Sporadic duodenal polyps: classification, investigation, and management

E L Culver, A S McIntyre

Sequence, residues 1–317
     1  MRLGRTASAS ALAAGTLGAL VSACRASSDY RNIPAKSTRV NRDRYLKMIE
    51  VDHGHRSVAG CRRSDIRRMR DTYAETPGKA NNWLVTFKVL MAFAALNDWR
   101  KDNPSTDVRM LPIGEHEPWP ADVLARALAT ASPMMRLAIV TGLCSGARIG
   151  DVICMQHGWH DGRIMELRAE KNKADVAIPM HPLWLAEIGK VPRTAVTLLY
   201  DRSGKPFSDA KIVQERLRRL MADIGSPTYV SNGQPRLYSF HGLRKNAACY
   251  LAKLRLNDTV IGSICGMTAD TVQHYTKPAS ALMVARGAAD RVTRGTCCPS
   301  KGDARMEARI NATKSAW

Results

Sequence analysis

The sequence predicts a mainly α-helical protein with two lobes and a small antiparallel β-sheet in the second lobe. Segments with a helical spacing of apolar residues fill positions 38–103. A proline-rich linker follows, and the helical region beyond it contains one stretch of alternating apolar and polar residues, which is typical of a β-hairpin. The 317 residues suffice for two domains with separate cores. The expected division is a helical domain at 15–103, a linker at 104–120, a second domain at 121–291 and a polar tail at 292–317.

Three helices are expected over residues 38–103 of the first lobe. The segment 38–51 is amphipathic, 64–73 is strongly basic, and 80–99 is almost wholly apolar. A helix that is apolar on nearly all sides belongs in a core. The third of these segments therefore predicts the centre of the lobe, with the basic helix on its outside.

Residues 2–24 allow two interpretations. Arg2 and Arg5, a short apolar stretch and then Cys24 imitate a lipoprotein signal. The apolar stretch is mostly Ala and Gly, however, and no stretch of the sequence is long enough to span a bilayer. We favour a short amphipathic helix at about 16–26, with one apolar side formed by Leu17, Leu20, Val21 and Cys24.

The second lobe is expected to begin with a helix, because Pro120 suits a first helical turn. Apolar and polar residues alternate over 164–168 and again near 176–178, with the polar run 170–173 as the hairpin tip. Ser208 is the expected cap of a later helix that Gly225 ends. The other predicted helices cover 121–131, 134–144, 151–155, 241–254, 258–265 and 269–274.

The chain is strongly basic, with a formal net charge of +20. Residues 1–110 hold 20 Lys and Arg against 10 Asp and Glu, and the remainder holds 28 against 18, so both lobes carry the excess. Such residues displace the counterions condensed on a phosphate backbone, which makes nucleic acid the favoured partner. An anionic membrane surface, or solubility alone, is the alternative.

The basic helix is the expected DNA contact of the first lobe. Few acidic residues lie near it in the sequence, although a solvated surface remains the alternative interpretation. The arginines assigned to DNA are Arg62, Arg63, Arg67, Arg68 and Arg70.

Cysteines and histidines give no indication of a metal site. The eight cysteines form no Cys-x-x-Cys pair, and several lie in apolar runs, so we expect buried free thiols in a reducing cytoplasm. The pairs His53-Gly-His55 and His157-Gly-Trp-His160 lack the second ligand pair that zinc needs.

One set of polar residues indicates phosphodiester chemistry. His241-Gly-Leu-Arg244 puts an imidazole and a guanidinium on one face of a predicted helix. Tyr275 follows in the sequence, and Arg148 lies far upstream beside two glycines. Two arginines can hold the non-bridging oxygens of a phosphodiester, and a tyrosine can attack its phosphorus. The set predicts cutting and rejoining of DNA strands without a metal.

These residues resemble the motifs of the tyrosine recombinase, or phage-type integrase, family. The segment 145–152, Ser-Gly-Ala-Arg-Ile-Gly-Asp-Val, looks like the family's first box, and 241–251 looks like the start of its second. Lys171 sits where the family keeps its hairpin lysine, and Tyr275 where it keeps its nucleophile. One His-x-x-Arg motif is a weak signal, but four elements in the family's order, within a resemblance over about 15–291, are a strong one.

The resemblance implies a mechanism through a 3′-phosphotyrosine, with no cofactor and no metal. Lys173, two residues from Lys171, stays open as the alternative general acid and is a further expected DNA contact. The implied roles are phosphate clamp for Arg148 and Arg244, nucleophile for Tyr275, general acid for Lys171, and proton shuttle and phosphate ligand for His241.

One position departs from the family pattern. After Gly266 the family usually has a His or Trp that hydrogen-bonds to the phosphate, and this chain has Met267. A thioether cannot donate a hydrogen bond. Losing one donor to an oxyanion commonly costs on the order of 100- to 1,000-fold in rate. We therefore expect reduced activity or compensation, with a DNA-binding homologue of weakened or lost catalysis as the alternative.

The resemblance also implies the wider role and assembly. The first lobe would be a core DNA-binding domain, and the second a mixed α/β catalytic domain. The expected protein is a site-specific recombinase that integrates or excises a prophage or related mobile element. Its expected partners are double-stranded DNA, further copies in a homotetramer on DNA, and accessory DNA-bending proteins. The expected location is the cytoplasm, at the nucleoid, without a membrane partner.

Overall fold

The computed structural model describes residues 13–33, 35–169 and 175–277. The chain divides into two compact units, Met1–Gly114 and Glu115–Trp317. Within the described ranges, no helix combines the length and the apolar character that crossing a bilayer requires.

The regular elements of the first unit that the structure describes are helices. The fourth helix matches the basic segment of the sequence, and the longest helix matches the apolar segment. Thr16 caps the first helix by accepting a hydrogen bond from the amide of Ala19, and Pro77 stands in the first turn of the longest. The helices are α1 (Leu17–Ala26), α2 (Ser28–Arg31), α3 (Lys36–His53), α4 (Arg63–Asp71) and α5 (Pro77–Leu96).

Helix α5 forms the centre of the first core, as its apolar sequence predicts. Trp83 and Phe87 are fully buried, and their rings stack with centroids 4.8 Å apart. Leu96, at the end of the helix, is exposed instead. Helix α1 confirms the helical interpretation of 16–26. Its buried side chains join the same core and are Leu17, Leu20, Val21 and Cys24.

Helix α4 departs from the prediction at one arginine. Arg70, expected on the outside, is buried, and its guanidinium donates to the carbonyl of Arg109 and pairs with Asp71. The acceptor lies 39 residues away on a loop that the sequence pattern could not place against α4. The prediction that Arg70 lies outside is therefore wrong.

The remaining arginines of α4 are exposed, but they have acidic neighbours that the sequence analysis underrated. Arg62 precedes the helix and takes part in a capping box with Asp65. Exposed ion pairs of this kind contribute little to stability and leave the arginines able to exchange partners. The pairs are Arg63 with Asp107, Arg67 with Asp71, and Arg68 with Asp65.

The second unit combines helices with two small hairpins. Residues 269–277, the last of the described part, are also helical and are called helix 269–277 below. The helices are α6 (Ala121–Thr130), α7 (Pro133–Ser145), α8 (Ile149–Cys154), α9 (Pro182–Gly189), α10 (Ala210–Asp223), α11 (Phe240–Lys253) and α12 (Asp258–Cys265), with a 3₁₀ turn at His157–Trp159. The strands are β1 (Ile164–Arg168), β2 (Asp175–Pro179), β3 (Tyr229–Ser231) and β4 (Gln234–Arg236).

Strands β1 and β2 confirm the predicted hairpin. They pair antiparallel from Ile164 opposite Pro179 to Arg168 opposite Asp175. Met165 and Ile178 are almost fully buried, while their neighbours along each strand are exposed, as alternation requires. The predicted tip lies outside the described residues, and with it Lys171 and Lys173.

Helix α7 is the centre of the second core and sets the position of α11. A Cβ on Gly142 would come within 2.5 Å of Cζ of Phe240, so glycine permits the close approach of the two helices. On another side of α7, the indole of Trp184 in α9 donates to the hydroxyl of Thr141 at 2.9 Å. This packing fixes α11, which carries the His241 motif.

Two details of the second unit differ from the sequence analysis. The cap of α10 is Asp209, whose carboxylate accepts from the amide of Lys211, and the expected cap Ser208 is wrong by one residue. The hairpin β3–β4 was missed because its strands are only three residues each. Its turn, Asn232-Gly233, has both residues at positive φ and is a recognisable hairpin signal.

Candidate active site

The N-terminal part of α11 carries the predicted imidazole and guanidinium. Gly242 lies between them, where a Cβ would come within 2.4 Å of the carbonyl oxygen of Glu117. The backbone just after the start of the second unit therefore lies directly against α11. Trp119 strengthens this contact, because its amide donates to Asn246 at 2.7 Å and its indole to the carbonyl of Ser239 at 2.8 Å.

Sporadic duodenal polyps are uncommon, being found in up to 5% of patients referred for upper gastrointestinal endoscopy. They are often discovered incidentally and are usually asymptomatic. The histological subtype of polyps cannot always be determined on endoscopic appearance alone, and biopsy is advocated. The need for further imaging, endoscopic procedures, surgical resection, and surveillance is determined by the histological features, neoplastic potential and associated symptoms. This review describes the different subtypes of sporadic duodenal polyp: adenomas, hamartomas, gastric metaplasia, inflammatory fibroids, lipomas, leiomyomas, carcinoids, stromal tumors, solitary Peutz-Jeghers polyps, lymphomas, and other rare benign and malignant lesions. It describes the epidemiology, clinical presentation, investigation, management options, and screening and surveillance strategies for each, based on current evidence.


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